“…Kimambo’s account of the Pare district is well researched, coherent and readable.”
Thomas Deve, Journal of Social Development in Africa
“Kimambo’s account makes fascinating reading and should be required for anyone seeking to understand the colonial development of east Africa and the ways that this region is still a prisoner of its colonial past.”
T.O. Beidelman, Anthropos
“[Penetration and Protest in Tanzania] is a conscientiously written and highly readable book about the Pare mountains, which have received far less attention than other highland areas in Tanzania such as Kilimanjaro or the Usambaras.”
Jan Kees Van Donge, The Journal of Commonwealth and Comparative Politics
The originality of this study of rural transformation stems from the way in which Professor Kimambo has used the oral tradition to reveal the history of the impact of the world economy in northeastern Tanzania. First under the pressures of commodity trade, and later under German and British imperialism, the peasant producers of this region were forced into participation in capitalist production.
These partial changes destroyed the Pare’s balanced subsistence structure. But throughout the colonial period they were frustrated in their efforts to transform themselves fully into capitalist producers. These struggles finally led to open revolt in 1947 and it was three years before the protest ended. Between 1947 and 1960 the colonial government tried to reverse the effects of the revolt without providing the kind of transformation desired by the peasants.
This study illustrates vividly the difference between the intentions of capital and those of the colonized peasantry. The intentions of the two sides seemed to be incompatible. While imperialism would allow for the limited participation that would maximize profits for metropolitan capital, the peasants were struggling for freedom to transform themselves into capitalist producers.
Isaria N. Kimambo is a professor of history at the University of Dar es Salaam. More info →
Save 20% ($31.96)
US and Canada only
Availability and price vary according to vendor.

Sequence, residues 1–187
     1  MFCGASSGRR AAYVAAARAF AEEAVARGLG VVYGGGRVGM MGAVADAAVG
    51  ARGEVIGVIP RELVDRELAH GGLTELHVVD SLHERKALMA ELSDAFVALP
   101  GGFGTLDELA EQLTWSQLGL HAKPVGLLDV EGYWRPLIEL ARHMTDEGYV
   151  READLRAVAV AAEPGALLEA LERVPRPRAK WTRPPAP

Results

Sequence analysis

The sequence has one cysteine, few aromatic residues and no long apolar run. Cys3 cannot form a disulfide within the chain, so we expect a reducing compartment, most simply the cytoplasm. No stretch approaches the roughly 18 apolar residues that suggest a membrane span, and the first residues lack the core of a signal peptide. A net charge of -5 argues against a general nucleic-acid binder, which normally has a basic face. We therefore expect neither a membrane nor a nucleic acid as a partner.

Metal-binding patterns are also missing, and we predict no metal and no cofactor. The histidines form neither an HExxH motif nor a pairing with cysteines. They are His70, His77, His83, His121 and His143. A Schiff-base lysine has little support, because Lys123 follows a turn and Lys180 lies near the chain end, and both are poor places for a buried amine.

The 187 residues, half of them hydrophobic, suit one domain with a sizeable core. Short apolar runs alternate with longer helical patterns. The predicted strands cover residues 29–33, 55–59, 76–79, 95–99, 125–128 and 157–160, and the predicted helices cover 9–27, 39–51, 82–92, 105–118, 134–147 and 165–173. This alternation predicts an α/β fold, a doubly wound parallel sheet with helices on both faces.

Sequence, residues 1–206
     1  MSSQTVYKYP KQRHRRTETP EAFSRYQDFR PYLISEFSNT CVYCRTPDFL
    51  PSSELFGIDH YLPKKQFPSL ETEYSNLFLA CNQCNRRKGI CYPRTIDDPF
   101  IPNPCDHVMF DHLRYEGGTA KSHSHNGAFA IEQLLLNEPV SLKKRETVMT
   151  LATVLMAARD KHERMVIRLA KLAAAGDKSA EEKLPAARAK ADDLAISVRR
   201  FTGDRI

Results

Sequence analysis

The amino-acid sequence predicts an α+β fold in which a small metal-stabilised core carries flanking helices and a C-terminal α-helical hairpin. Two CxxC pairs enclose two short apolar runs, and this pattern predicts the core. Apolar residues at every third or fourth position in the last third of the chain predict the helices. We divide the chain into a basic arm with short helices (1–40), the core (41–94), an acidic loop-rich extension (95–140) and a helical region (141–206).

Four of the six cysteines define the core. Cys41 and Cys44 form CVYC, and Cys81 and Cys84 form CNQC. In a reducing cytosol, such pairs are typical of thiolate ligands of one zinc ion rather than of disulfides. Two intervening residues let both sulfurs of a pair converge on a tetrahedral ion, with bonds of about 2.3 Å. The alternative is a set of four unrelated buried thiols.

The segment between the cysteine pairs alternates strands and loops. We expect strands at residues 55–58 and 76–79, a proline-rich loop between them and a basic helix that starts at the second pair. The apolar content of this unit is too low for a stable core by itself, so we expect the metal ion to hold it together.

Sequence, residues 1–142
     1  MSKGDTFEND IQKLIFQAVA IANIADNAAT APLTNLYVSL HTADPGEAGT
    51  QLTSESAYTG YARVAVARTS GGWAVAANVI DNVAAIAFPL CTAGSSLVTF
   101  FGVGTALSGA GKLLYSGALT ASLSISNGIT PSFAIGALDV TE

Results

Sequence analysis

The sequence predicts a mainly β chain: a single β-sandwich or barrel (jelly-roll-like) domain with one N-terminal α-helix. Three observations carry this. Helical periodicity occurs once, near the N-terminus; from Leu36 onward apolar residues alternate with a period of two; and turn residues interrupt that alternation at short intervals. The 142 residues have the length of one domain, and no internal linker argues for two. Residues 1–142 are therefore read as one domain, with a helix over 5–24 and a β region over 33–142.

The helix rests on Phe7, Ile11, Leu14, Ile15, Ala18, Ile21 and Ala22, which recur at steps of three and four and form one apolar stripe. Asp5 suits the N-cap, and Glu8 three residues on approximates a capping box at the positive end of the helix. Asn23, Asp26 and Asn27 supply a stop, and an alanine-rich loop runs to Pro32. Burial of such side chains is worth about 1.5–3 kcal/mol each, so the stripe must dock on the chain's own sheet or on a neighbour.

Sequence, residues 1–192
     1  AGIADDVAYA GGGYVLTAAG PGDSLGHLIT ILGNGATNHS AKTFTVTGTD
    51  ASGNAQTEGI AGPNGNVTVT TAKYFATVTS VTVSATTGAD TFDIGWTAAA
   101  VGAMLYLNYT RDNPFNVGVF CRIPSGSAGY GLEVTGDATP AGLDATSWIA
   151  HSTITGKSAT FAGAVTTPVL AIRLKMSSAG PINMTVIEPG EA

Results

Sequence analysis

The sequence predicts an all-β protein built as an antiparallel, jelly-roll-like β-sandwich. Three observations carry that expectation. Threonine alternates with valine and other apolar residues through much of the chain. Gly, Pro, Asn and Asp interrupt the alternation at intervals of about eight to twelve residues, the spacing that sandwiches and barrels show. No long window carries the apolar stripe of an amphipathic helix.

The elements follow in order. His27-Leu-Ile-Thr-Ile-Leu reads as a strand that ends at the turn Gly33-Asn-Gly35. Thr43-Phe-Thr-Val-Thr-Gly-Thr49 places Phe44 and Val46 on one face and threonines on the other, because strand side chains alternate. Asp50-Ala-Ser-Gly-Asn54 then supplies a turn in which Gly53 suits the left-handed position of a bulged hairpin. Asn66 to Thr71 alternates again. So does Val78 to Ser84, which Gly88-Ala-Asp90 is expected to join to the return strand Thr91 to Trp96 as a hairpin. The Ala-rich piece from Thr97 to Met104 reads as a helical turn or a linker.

Permission to reprint
Permission to photocopy or include in a course pack via Copyright Clearance Center
Khat is a quasi-legal psychoactive shrub, produced and marketed in the province of Harerge, Ethiopia, and widely consumed throughout Northeast Africa. In the late nineteenth century the main cash crop of Harerge was coffee. Leaf of Allah examines why farming families shifted from cultivating coffee and food crops to growing khat.Demographic, market, and political factors facilitated the emergence of khat as Harerge’s leading agricultural commodity.
A Most Promising Weed examines the work experience, living conditions, and social relations of thousands of African men, women, and children on European-owned tobacco farms in colonial Zimbabwe from 1890 to 1945. Steven C. Rubert provides evidence that Africans were not passive in their responses to the penetration of European capitalism into Zimbabwe but, on the contrary, helped to shape both the work and living conditions they encountered as they entered wage employment.Beginning
Zanzibar stands at the center of the Indian Ocean system’s involvement in the history of Eastern Africa. This book follows on from the period covered in Abdul Sheriff’s acclaimed Slaves, Spices and Ivory in Zanzibar.The first part of the book shows the transition of Zanzibar from the commercial economy of the nineteenth century to the colonial economy of the twentieth century.The authors begin with the abolition of the slave trade in 1873 that started the process of transformation.
Sign up to be notified when new African Studies titles come out.
We will only use your email address to notify you of new titles in the subject area(s) you follow. We will never share your information with third parties.